Amazon Debuts Flash-Based Instance Type
This week cloud giant Amazon Web Services announced a new high-capacity instance type for applications that need low-latency access to high-speed solid-state disks (SSDs).
Details were revealed Wednesday by Jeff Barr on the AWS blog:
Modern web and mobile applications are often highly I/O dependent. They need to store and retrieve lots of data in order to deliver a rich, personalized experience, and they need to do it as fast as possible in order to respond to clicks and gestures in real time.
In order to meet this need, we are introducing a new family of EC2 instances that are designed to run low-latency, I/O-intensive applications, and are an exceptionally good host for NoSQL databases such as Cassandra and MongoDB.
The first member of the new family is the High I/O Quadruple Extra Large (hi1.4xlarge) instance, and it comes outfitted with 8 virtual cores, 2 TB of local SSD-backed storage, and 60.5 GB of RAM with 10 Gigabit Ethernet connectivity. According to Amazon, each instance is capable of delivering at least 120,000 read input and output operations (IOPS) and 80,000 write IOPS, which makes them a good fit for applications that require low latency access to storage, for example, transaction processing, time series analysis, and mobile or streaming apps.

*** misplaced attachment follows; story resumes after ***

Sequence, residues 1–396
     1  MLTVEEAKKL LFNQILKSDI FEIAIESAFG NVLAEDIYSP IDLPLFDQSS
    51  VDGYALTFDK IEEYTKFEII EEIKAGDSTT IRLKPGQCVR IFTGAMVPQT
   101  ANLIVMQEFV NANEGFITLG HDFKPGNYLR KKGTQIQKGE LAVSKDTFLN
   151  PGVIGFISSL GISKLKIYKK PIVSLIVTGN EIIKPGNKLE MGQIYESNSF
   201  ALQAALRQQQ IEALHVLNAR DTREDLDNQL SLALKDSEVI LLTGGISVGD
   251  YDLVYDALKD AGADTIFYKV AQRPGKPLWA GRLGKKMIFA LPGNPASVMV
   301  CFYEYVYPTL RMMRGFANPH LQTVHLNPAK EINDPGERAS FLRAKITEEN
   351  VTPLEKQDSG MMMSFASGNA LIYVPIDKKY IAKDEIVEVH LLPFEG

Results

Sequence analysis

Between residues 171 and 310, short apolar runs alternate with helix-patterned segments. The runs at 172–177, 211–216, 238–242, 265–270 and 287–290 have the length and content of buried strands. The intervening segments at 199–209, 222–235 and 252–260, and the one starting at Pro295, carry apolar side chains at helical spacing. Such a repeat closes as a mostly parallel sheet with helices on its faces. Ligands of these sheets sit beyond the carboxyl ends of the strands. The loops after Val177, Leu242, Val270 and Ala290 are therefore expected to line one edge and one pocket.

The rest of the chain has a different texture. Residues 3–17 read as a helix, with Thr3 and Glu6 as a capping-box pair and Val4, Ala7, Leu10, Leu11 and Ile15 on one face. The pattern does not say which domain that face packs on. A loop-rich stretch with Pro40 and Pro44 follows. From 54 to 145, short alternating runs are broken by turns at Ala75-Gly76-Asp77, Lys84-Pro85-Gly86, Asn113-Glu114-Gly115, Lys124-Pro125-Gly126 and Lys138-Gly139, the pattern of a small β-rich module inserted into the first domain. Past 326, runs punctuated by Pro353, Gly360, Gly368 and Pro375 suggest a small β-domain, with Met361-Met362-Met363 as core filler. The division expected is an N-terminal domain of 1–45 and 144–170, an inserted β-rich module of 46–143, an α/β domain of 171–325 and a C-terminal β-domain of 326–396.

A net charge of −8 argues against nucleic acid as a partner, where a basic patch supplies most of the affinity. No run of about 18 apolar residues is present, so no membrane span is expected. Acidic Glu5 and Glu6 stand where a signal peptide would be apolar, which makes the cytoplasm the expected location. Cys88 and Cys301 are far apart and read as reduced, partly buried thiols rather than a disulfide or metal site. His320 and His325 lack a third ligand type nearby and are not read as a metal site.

In a related video, Jeff Barr and EC2 Product Manager Deepak Singh note that the SSD-backed instance is well-tuned for running databases, particularly NoSQL databases such as Cassandra and MongoDB, but also relational.
Amazon is not the only cloud provider with SSD on the menu. Switzerland-based CloudSigma offers it and so does SoftLayer. Despite being more expensive, SSD can create major improvements in the right instances. According to CloudSigma’s Michael Higgins, an Oracle database running on SSD got over a 300 percent performance improvement on I/O compared with magnetic storage. He says you don’t need to put the entire database on SSD, just moving the index and caching points to solid state provides a big boost.
The new instance will initially be restricted to the US-East (N. Virginia) and EU-West (Ireland) regions, but the company plans to expand this availability in the coming months. On-demand instances are offered at $3.10 per hour in the US.